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					Properties of

 Solutions
Changes In State
             A Review of Matter
• Types of matter
• Pure substances
  – Elements – cannot be broken down by chemical
              means
  – Compounds – two or more elements combined in
                 definite proportions
• Mixtures
  – Homogeneous – evenly mixed, uniform throughout
  – Heterogeneous – unevenly mixed, varied composition
Increasing Surface Area
 Increases Dissolution
              What is a Solution?
• Homogeneous mixture of substances in the
    same state.
•   A solution may be;
    –   A solid n solid. Ex. Zn + Cu  brass (alloy)
    –   Gas n gas. Ex. Air.
    –   Liquid n liquid. Ex. alcohol + water
    –   And, most familiar to you, a substance, usually a
        solid, dissolved in water.Ex. NaCl + water.(sea water)
    Components of a Solutions
• A solute is the substance being dissolved.
• The solvent is the substance that exists in
  the greater amount, into which the solute
  is mixed.
• Ex. In sea water, salt is the solute, while
  water is the solvent.
• Water’s properties make it a universal
  solvent.
The Secret To Waters Dissolving
 Power is it’s Polarized Nature




The polar water molecules surround the solute molecules, forming H-bonds
and dipole attractions
          Aqueous Solutions
• Solutions of a substance dissolved in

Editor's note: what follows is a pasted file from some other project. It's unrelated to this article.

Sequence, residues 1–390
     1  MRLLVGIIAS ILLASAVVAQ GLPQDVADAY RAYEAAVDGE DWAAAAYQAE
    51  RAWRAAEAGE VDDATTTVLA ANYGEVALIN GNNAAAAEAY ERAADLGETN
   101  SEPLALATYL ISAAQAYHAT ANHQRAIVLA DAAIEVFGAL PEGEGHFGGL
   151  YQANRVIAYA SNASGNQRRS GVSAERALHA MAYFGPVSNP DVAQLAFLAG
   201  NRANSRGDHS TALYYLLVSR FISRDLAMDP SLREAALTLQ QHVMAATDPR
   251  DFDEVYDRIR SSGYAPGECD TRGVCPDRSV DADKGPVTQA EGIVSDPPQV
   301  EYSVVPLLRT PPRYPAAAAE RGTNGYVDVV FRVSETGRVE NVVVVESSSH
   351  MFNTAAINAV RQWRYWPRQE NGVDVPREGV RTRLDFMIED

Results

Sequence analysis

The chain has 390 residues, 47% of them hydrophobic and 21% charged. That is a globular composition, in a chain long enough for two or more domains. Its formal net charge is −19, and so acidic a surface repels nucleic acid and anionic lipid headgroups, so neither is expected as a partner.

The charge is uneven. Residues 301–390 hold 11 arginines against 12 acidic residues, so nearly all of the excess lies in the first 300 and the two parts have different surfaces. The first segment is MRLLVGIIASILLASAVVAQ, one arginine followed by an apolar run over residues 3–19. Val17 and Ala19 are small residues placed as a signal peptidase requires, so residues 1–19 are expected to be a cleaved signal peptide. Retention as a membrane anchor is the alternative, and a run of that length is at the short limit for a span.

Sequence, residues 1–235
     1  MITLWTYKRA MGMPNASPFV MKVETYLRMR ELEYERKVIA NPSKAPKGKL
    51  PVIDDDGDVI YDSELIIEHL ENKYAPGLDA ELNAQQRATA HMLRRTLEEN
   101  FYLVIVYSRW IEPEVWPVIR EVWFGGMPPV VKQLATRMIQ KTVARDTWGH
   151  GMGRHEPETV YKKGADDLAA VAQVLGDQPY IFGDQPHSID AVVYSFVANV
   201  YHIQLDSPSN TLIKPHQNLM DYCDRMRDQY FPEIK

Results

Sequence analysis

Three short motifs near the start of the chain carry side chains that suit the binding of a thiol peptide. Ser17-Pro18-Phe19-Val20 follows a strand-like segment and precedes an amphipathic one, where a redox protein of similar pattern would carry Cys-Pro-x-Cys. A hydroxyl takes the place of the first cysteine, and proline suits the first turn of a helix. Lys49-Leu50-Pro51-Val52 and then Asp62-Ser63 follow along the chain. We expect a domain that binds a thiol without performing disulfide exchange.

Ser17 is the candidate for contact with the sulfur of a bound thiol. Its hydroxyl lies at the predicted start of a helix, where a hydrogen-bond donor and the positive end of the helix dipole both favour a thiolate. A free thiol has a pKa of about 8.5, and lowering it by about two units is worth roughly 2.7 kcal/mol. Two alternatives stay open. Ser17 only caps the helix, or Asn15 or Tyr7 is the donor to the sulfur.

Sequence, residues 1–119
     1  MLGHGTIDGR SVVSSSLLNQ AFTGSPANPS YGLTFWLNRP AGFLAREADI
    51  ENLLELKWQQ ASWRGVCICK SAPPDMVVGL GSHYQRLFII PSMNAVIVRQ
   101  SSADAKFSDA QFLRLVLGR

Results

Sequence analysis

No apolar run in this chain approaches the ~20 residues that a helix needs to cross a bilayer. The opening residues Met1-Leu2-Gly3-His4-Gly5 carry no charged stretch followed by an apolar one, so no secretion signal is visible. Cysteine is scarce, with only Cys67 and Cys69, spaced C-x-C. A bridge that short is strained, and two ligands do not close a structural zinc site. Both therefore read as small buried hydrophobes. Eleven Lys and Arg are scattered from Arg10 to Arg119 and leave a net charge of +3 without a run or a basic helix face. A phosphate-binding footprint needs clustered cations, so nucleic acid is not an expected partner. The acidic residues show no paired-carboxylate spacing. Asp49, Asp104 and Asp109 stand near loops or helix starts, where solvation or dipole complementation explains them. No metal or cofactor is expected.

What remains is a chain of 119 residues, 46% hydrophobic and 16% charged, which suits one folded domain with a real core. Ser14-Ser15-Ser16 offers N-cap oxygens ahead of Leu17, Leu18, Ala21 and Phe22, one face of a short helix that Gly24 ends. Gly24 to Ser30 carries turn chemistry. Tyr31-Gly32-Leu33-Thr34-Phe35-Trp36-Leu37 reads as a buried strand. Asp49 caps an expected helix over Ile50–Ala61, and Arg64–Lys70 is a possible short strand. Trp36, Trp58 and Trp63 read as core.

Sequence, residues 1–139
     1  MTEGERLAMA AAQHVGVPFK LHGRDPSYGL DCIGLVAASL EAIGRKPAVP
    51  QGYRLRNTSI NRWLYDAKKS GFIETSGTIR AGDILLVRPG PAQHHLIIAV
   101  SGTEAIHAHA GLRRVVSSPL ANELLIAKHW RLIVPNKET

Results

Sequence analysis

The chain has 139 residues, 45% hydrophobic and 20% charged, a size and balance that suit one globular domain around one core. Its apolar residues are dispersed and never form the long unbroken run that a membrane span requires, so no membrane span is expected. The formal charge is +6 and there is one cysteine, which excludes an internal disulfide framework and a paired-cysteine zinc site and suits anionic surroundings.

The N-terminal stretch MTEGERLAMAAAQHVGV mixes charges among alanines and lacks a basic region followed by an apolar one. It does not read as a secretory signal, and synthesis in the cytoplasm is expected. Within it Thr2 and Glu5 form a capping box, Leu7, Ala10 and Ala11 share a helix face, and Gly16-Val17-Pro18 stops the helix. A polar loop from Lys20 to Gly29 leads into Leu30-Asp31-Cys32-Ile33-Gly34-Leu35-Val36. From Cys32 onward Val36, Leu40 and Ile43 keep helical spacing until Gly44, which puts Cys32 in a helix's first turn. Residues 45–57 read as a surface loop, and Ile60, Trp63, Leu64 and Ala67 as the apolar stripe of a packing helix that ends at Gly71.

water are termed aqueous and are written
  as follows;
• NaCl (s)  Na+ (aq) + Cl- (aq) (where
  s = solid, aq = aqueous, and g = gas)
• The particles of a homogeneous aqueous
  solution are very small, will not settle and
  will pass through a filter.
Mixtures Can Be Separated
       Properties of Mixtures

• Light will pass directly through a solution.
• The light beam will not be visible in the
  body of the solution.
• Light will be scattered by the larger
  particles of heterogeneous solutions.
• This is called the Tyndall Effect, after the
  scientist who discovered it.
   Colloids and Suspensions
Scatter Light. Solutions Do Not.
Summary of Solution Properties

• Aqueous solutions are homogeneous
  mixtures
• They are clear and do not disperse light.
• Can have color (ex. CuSO4 is blue).
• Particles will not settle when left standing.
• Particles pass readily through a filter.
                  Solubility

• Ability of a substance to dissolve in
  another substance.
• “Like dissolves like.”
  – Polar molecules dissolve in polar substances
  – Non-polar (lipids, oils) dissolve in non-polar.
• All materials do not dissolve in equal
  concentrations.
                    Solubility
• Highly soluble materials are said to be soluble
    or miscible.
•   Materials that dissolve very little are said to be
    insoluble or immiscible.
•   A material dissolves because the attraction of the
    solvent molecules is greater than the attractive
    force holding the solute molecules together.
•   Insoluble materials have a greater affinity for
    their own molecules.
•   These last 2 points is why oil pools together in
    water
      Temperature and Pressure
• Solubility is relative to changing temperature.
• Generally, solubility increases with increasing
    temperature.
•   Pressure has NO EFFECT on the solubility of
    solids and liquids (that compressibility thing
    again) ONLY GASES.
•   Gases behave oppositely, they are more soluble
    at higher pressure and lower temperature
    (open a warm seltzer bottle and a cold one at
    the same time).
 Gas Mixtures React Opposite to
Liquids in Terms of Pressure and
           Temperature
            Solubility Graphs

• We can look at a graph of solubility curves
  to determine how much solute can
  dissolve in a specific quantity of solvent.
• We need to know;